"Ready for dinner"
Occasionally, politicians say genuinely interesting and revelatory things when they appear on Sunday talk shows. Usually, though, they’re just talking without really saying anything, even when it sounds like they’re making news.
The comments that Scott Walker and Mitch Daniels, two big-name Republican governors, made yesterday definitely fall into the second category. To judge from the headlines, Walker and Daniels both offered a stern public warning to Mitt Romney, their party’s presumptive presidential nominee: If you’re only counting on people voting against Barack Obama, you’re going to be in trouble.
“I don’t think we win if it’s just about a referendum on Barack Obama,” Walker said on CBS’ “Face the Nation,” while Daniels told “Fox News Sunday” that “[t]he American people will rightly, I think, demand to know something more than he’s not President Obama. He’s got to use this fall as an opportunity to build a consensus across, I hope, a broad spectrum of Americans to make the big changes we need. … He better have an affirmative, constructive message, and one of hope.”
File this under: standard-issue gobbledygook. Are Daniels and Walker actually convinced that Romney needs to make a comprehensive, policy-based case to have a chance? Sure, they might be. But they’re also saying exactly what any self-respecting politician would say in this spot. In politics, you’re not supposed to publicly admit to the cynical calculations at the heart of your side’s campaign strategy.
Make no mistake, though: The Romney strategy is all about convincing voters to throw Obama out while simultaneously selling Romney in the vaguest, broadest terms possible. The idea is to minimize Romney’s exposure in sensitive areas, from culture war politics to specific social safety net cuts, and to position him as a generic, acceptable vehicle for the frustrations of economically anxious swing voters.
It’s impossible to watch Romney in action and conclude otherwise. In one breath, he’ll excoriate Obama for failing to put forth a jobs plan; in the next, he’ll blast Obama for blaming Republicans in Congress for … killing his jobs plan. His aim isn’t to win over Americans with bold ideas. It’s to equip them with rationalizations for turning on Obama – and most Republicans probably know this. They’re just not supposed to admit it.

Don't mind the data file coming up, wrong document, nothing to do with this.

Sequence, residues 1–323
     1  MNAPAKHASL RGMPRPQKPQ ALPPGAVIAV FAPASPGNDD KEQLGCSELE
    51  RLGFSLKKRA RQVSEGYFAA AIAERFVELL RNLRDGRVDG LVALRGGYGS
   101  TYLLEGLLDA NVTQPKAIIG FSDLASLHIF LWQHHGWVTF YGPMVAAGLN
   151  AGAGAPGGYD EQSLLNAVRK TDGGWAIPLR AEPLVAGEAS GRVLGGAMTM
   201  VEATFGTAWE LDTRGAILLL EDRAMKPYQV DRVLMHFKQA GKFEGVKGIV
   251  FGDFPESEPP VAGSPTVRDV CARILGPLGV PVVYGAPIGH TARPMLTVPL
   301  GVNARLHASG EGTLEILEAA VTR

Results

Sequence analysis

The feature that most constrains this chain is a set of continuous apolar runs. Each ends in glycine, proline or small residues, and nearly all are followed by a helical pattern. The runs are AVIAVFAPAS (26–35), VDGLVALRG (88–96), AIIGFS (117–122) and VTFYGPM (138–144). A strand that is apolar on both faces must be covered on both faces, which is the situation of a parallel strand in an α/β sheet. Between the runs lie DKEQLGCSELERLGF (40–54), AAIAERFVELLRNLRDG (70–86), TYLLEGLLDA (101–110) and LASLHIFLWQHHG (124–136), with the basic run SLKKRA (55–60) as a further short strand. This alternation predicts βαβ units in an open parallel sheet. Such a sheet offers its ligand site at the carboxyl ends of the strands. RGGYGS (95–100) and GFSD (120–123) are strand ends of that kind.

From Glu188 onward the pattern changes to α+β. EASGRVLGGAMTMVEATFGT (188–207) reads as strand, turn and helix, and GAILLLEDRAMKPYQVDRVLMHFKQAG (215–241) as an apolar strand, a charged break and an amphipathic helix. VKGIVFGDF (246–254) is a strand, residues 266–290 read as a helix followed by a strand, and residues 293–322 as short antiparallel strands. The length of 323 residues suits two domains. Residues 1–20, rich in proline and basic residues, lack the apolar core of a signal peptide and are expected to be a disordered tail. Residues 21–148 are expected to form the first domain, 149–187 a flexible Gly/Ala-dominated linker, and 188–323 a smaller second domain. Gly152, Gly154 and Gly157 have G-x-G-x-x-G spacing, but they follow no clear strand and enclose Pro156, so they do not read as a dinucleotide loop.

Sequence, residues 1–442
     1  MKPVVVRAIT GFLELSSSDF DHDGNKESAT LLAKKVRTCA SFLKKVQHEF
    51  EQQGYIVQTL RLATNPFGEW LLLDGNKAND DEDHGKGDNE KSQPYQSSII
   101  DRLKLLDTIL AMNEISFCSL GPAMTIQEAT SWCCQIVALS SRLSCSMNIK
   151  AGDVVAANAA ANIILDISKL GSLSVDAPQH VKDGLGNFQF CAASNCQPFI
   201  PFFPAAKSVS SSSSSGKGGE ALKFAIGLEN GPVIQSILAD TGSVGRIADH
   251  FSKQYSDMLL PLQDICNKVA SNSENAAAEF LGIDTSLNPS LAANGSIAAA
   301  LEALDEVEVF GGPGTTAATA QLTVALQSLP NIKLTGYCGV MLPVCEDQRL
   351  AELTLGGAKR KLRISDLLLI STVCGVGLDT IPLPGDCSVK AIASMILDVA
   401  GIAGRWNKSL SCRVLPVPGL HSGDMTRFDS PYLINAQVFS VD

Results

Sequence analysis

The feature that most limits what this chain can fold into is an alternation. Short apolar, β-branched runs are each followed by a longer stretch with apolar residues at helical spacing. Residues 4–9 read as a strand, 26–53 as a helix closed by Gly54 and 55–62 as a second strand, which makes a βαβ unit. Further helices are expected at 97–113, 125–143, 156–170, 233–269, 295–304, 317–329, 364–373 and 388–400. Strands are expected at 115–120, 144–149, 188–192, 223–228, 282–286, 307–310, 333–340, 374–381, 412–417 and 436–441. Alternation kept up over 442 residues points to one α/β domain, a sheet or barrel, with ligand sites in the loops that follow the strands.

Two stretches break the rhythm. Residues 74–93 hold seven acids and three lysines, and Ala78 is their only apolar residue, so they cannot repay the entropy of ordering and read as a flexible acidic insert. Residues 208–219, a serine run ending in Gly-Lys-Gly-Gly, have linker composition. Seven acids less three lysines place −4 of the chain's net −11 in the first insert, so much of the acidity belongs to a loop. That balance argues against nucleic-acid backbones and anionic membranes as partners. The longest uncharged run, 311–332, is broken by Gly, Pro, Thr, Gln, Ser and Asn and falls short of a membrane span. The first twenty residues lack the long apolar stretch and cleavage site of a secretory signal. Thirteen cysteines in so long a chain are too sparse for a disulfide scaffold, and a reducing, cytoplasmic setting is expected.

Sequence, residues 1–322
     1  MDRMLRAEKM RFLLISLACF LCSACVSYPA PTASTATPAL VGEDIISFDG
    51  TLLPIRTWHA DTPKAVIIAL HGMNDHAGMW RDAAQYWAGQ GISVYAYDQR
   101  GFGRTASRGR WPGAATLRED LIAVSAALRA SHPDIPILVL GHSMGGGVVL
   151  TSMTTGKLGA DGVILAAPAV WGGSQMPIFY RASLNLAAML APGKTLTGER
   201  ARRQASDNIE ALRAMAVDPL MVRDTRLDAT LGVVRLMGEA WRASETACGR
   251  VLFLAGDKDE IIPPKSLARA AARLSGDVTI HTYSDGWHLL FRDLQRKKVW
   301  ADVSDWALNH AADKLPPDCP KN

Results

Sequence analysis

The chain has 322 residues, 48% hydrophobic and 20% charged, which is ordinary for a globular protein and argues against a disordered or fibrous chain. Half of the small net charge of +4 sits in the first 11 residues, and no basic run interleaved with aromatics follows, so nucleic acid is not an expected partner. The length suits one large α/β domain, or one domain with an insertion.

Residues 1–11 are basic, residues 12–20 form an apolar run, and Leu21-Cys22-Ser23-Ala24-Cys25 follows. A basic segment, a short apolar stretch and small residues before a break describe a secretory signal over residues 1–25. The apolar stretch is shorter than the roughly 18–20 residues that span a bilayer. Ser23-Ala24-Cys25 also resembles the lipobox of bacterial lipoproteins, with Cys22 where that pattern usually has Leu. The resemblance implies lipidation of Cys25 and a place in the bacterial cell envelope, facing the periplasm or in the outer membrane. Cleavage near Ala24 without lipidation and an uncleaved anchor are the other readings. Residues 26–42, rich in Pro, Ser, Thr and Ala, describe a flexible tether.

That’s probably the best way to understand the comments from Daniels and Walker, and any other Republican who makes the same case. If a prominent Romney supporter were to say, “You know, we really don’t think we need to offer any ideas – we’re just going to drum up anger at Obama, and that should be enough,” it would set off a firestorm and give Democrats a dream talking point. But what Walker and Daniels said yesterday goes down easy with most voters, the same way that empty campaign promises to reach across the aisle and govern in a bipartisan fashion do. It’s just what the public, and the press, expects to hear.
But it doesn’t mean Romney actually has to follow through with a serious, ideas-based fall campaign. There would be an obvious danger in doing so; the more specific Romney gets, the more ammunition he gives his opponents – and the harder it becomes for him to function as the generic Obama alternative he wants to be. There’s probably much less risk in trying to duck the tough issues and playing dumb when Democrats accuse him of offering no real agenda. The illusion of substance isn’t hard to create, as long as you don’t actually admit what you’re trying to do.
This doesn’t mean Romney’s strategy is sure to work. At its core, it depends on the economy not improving between now and November. It also depends on true believers in his party giving him the latitude he needs to avoid third-rail issues during the campaign. And it’s possible that the charge he has nothing serious to offer could end up hurting Romney with a small slice of swing voters; in a very close election, this could be decisive.
But in the face of the most recent jobs reports, there’s a lot to be said for Romney’s strategy. And nothing that Walker or Daniels said on Sunday is inconsistent with it.
Steve Kornacki writes about politics for Salon. Reach him by email at SKornacki@salon.com and follow him on Twitter @SteveKornackiMore Steve Kornacki.
Alex Pareene surveys the burgeoning and bloated world of political news and opinion and explains the day's most essential story in Opening Shot, posted by 8:30 a.m. each weekday. Bookmark this page; follow @pareene on Twitter.